5. When you are done making changes, scroll down and write a short description of your changes. Select the option Create a new branch for this commit and start a pull request and click on Propose file change. This will direct you to the Pull request page.
6. On the Pull request page, write a short comment explaining why are proposing those changes (e.g. improving readability, covering cases that weren't mentioned, adding critical details about our platform) and publish your pull request clicking on Create pull request.
Media of any kind (images, GIFs...) should be stored on the .gitbook/assets folder.
1. Clone our documentation repository to your account.
a. Click on the Fork button at the top of the page.
2. On your copy of the repository, create a new branch by clicking on Branch: v2, writing new-assets and selecting Create branch: new assets.
3. Click on the .gitbook/assets folder and then click on Upload files. You can drag and drop any files you wish to add or find them with your file manager clicking on choose your files. Commit your changes.
4. Open the file of the page you want to edit. To embed media to the page, write:
![A detailed description of the image](/.gitbook/assets/filename)
5. GitHub will automatically detect your new changes and give you the option to Compare and pull request. Click on it.
6. Create your pull request normally. The base repository should be opencollective/documentation using the v2 branch as the base and the head repository should be your fork using the new-assets branch as a comparison.
0. Follow the same procedure to make a copy of our documentation repository as described on the Add new images section. Name your branch new-pages, new-section or new-subpages accordingly.
1. To add a new file or folder, click on Create new file.
a. If you want to add a new page to an existing section of the documentation, click on the proper folder and then click on Create new file. Name your Markdown file and start writing.
b. If you want to add a new section to our documentation, click on Create new file directly. Write the name of the section and press
/ as many times you need. Add either a
README.md file or a normal Markdown file with any name you want.
2. GitHub will automatically detect your new changes and give you the option to Compare and pull request. Click on it.
3. Create your pull request normally. The base repository should be opencollective/documentation using the v2 branch as the base and the head repository should be your fork using the right branch as a comparison.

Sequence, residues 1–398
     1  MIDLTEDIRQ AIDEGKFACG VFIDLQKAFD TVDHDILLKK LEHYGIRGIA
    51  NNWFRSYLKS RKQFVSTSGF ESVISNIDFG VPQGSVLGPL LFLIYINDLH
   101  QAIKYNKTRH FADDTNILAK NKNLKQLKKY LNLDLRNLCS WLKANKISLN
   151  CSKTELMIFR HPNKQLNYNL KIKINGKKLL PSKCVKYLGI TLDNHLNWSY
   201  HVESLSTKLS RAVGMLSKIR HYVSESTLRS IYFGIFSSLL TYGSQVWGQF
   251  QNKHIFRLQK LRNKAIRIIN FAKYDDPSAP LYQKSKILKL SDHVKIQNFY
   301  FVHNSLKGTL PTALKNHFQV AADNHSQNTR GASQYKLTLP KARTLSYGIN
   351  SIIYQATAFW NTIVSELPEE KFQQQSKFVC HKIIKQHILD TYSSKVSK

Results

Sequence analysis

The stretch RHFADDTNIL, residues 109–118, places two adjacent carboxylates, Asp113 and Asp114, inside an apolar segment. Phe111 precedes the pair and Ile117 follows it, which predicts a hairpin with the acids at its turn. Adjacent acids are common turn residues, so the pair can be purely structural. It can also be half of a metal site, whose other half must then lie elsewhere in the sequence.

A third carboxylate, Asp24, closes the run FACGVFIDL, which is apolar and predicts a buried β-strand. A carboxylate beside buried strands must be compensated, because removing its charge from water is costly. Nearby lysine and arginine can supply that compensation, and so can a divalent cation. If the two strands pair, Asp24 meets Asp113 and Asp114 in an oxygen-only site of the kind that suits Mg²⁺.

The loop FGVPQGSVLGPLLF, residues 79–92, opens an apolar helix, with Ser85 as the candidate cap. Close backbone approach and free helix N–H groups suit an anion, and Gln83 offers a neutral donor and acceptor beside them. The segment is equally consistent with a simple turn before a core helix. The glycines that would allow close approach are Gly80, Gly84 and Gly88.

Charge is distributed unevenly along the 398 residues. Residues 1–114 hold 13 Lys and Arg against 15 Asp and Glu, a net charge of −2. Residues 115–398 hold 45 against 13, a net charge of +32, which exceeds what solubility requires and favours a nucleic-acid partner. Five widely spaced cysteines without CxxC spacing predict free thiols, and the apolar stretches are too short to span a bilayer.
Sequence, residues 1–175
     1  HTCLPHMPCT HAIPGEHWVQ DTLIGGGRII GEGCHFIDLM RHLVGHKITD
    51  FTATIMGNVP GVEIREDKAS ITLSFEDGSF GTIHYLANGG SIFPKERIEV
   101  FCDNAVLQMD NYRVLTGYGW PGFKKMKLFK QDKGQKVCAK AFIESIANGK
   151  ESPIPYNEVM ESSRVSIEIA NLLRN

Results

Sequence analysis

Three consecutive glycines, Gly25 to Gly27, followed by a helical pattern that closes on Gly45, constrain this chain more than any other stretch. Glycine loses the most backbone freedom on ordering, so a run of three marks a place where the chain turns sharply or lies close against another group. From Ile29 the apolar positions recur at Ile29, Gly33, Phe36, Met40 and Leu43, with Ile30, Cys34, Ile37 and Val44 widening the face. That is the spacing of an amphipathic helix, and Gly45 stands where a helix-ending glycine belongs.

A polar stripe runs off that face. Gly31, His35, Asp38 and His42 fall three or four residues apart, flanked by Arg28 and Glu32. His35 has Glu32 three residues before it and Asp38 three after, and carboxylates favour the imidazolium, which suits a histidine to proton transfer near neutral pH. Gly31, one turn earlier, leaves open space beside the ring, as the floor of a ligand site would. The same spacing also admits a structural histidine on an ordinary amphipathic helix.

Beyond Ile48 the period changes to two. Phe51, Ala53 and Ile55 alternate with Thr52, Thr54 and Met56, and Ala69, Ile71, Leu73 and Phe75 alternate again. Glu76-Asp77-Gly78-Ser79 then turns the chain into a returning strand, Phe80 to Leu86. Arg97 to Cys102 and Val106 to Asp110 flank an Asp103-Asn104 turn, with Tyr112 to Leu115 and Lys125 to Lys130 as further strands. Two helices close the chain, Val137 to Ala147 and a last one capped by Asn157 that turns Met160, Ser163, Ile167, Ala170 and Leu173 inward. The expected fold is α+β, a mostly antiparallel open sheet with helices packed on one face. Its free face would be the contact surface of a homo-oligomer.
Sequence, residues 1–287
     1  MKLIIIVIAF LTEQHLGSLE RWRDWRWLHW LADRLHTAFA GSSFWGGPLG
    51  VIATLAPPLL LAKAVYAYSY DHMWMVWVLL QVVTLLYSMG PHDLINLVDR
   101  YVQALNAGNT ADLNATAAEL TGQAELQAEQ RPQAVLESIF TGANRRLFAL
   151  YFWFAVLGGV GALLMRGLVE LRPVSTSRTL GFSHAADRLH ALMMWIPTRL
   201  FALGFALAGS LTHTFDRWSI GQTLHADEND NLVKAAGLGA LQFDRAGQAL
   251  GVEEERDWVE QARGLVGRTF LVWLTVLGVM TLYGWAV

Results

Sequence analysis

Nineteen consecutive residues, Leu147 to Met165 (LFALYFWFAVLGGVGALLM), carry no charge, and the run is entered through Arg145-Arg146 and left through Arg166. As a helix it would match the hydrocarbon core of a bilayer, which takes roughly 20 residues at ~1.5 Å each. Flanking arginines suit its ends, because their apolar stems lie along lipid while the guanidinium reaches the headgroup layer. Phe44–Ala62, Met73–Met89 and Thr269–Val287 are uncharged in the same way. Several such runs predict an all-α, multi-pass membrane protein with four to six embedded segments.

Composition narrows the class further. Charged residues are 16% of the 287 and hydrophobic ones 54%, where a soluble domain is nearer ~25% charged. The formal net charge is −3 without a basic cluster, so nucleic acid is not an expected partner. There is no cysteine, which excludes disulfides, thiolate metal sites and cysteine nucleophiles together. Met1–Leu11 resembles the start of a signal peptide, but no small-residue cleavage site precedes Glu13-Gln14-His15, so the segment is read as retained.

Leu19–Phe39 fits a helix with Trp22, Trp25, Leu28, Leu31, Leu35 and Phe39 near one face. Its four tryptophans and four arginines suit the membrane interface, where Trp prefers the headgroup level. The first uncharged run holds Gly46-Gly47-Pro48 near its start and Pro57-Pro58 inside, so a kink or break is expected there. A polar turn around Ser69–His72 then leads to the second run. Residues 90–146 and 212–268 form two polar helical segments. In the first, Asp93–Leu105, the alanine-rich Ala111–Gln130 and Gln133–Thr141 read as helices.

Linking other pages or sections of a page is done in a similar manner to changes to the summary.
To link another page, write:
[Page](page.md)[A page within a folder](folder/page-within.md)
To link a specific section of a page, write:
[Specific section in a page](page.md#specific-section)
The text after
# symbol (a hash) is an element called anchor. On GitBook, anchors are created by replacing every blank space in a section title with
- (hyphens). Therefore,
Getting familiar with Git becomes
Understanding GitBook's integration with GitHub becomes
If you aren't sure how an anchor will look like, you can use GitHub to assist you: on every Markdown file, GitHub generates anchors for each section of that document. Click on the two links on the left side of the section title to see the anchor on your browser's address bar.
Sometimes you may find broken internal links. If you find one, please open an issue about it on opencollective/opencollective—we will follow up shortly.
But if you have access to the GitBook interface, here's what you should do to fix it yourself:
master branch on GitHub for an old version of the page with the broken link. That will help you figure out to which page that link was originally pointing to.
Sometimes it will be just a matter of updating
.gitbook.yaml to point that specific path to the right page. But other times (probably when we make aggressive changes to the folder structure—their versioning system doesn't seem to like it that much), you will have to update that link manually. To do so, hover your mouse to the old link and edit it by searching for the title of the page to be mentioned.
If you have any other questions about contributing to our documentation, please reach out to firstname.lastname@example.org or join our
documentation channel on Slack.